“If I could do half of what Jean did in treating people well, I would be happy,” said a surprised Smith when he was announced as this year’s award recipient.
In making the presentation, ACBL Executive Director Joe Jones said, “Frankly, I’m surprised Matt hasn’t won this already!”
Smith started directing as a teenager. “My father and brother ran a bridge club in British Columbia,” he says, “so in June 1973, I took the certified directing exam. I have a card signed by Easley Blackwood.”
Smith, who lives in Victoria BC, sees himself as a problem solver. “The director’s job is twofold: resolving disputes and enhancing the social side of the game – making it relaxing and enjoyable. It’s important to make sure people know they’re being treated fairly.”
National Tournament Director Rick Beye called Matt Smith a deserved winner. “In his early career he was known as Wonder Boy,” Beye says. “John Ashton nicknamed him that because he just got it – he understood what we’re supposed to be doing. He makes things good for the players and he’s good with staff.”
TD McKenzie Myers says that most of the good parts of his TD game were learned at Smith’s feet.
“I was lucky to ‘grow up’ as a TD inside his sphere of influence in the ACBL,” Myers says. “Matt is quietly competent, always kind and understanding, and constantly works to improve the tournament he’s running as well as tournaments in general. I’ve worked for Matt at sectionals, regionals, NABCs and U.S. Bridge Championships, and he brings an unparalleled level of professionalism and expertise to each. He’s helped me succeed at many things but still been willing to let me softly fail when that was the way to help me learn.”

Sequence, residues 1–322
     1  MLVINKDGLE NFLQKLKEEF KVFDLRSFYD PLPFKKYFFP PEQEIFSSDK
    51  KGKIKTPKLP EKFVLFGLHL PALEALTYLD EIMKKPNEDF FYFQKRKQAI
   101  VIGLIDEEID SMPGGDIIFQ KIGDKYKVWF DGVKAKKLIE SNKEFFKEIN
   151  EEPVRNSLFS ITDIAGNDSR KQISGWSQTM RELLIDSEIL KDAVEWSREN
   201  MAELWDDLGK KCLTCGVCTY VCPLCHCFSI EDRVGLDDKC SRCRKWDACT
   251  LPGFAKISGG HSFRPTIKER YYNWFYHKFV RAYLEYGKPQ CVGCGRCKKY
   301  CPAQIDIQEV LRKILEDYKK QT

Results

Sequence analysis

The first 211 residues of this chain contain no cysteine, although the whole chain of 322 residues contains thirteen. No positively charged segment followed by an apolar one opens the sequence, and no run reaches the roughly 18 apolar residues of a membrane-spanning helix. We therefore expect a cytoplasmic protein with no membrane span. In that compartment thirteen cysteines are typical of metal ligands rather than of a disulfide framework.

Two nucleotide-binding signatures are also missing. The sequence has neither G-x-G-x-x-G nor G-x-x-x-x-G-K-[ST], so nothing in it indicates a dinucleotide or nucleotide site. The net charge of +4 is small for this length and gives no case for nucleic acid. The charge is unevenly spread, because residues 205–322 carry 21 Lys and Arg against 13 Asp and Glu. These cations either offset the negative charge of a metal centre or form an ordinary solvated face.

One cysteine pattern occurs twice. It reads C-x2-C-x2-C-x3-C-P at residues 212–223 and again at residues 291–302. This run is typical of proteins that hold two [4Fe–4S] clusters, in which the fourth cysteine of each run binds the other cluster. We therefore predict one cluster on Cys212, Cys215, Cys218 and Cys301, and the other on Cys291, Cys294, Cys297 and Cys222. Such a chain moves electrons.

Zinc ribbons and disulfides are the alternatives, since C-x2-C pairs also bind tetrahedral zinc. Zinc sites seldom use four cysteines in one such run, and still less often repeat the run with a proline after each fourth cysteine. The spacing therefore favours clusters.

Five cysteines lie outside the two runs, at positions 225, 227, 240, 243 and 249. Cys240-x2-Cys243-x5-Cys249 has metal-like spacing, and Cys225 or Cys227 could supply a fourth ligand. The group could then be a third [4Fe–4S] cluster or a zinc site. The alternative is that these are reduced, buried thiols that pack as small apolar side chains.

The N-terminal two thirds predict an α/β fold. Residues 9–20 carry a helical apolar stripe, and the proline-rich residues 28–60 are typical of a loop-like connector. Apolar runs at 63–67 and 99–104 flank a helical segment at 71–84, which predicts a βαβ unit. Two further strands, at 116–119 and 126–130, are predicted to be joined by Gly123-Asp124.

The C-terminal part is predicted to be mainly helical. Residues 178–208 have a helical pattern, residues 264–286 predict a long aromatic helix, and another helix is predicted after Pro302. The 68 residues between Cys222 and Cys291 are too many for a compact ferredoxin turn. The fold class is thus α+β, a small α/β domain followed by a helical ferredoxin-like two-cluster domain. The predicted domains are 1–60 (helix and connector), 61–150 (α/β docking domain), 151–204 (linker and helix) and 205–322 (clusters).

Smith has earned the respect of players as well as co-workers. In a post on Bridge Winners last year, world champion Steve Weinstein said, “For my money, Matt is the best of the best. Whether it’s the World Championships, the Spingold or a sectional side game, if Matt’s in charge, you know the event will be run professionally. In my experience, his rulings are always well thought out and explained clearly and thoroughly; even when a ruling goes against you, you might disagree, but you understand why the decision was made.”
Weinstein said that perhaps Smith’s greatest gift is a talent for defusing tension.
“I remember one such incident from a charity pair game at a regional in the Bay Area,” Weinstein said. “I was declarer and did a poor job of keeping track of my tricks. I thought I was down one and the opponents happily accepted that result.
“But as I ran through the play in my head, I realized I had made it. When I told the opponents, they got very upset. ‘You said you were down one!’ With tempers flaring, I called the director and Matt came to the table. I explained the situation. The opponents insisted I was down, fixating on the fact that I had said I was down. Things continued to go downhill. Matt calmly said, ‘Let’s humor the young man and go through the play trick by trick just in case he is right.’ He calmed them down and they eventually agreed on the result.”
World champion Bobby Levin holds Smith in highest regard as well: “A wonderful guy, the best director ever and a bigtime dog lover – who could ask for more?”
Robb Gordon, ACBL’s National Recorder, says he has known Smith for many years. “I’ve worked with him on the Laws Commission, in appeals situations and as a player. He knows the Laws about as well as anyone. He is always both professional and pleasant. He brings a bucket of water rather than a bucket of gasoline when he comes to the table to make a ruling. I wish we had 500 Matt Smiths.”
National TD Gary Zieger points out that Smith is one of just a couple of directors who have won all three of the ACBL’s awards recognizing achievement by field staff: the Tom Weeks Award, the Fred Friendly Award and now the Jean Molnar Award. “And he almost deserved them!” Zeiger quips.
(The Weeks and Friendly awards are no longer given out.)
In April, Smith, 61, is “slowing down” and returning to part-time status.
“I want to stay home more,” he says. “I’ll play more locally at clubs and tournaments, and I’ll direct part time in Canada.” He will also continue in his role as head director for WBF’s World Championships.
The Memphis and Las Vegas NABCs are the last North American Championships on Smith’s horizon – as a director. “But I may come play,” he says.